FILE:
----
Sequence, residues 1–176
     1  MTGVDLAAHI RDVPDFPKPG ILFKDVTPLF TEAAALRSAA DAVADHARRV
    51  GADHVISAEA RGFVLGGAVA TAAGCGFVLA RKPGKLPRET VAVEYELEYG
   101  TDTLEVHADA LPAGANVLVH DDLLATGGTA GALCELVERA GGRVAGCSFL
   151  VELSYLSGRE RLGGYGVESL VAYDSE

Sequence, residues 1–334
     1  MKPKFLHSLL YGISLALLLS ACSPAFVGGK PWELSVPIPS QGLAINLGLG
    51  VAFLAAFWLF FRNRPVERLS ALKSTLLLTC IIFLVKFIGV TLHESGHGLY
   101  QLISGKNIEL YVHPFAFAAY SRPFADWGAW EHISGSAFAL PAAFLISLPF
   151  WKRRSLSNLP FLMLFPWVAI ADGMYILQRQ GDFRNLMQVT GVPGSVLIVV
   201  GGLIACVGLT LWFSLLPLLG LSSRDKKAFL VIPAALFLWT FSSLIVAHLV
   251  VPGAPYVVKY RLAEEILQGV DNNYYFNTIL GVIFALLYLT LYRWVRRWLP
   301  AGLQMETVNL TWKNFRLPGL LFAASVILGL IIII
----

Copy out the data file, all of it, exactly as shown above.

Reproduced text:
Sequence, residues 1–176
     1  MTGVDLAAHI RDVPDFPKPG ILFKDVTPLF TEAAALRSAA DAVADHARRV
    51  GADHVISAEA RGFVLGGAVA TAAGCGFVLA RKPGKLPRET VAVEYELEYG
   101  TDTLEVHADA LPAGANVLVH DDLLATGGTA GALCELVERA GGRVAGCSFL
   151  VELSYLSGRE RLGGYGVESL VAYDSE

Sequence, residues 1–334
     1  MKPKFLHSLL YGISLALLLS ACSPAFVGGK PWELSVPIPS QGLAINLGLG
    51  VAFLAAFWLF FRNRPVERLS ALKSTLLLTC IIFLVKFIGV TLHESGHGLY
   101  QLISGKNIEL YVHPFAFAAY SRPFADWGAW EHISGSAFAL PAAFLISLPF
   151  WKRRSLSNLP FLMLFPWVAI ADGMYILQRQ GDFRNLMQVT GVPGSVLIVV
   201  GGLIACVGLT LWFSLLPLLG LSSRDKKAFL VIPAALFLWT FSSLIVAHLV
   251  VPGAPYVVKY RLAEEILQGV DNNYYFNTIL GVIFALLYLT LYRWVRRWLP
   301  AGLQMETVNL TWKNFRLPGL LFAASVILGL IIII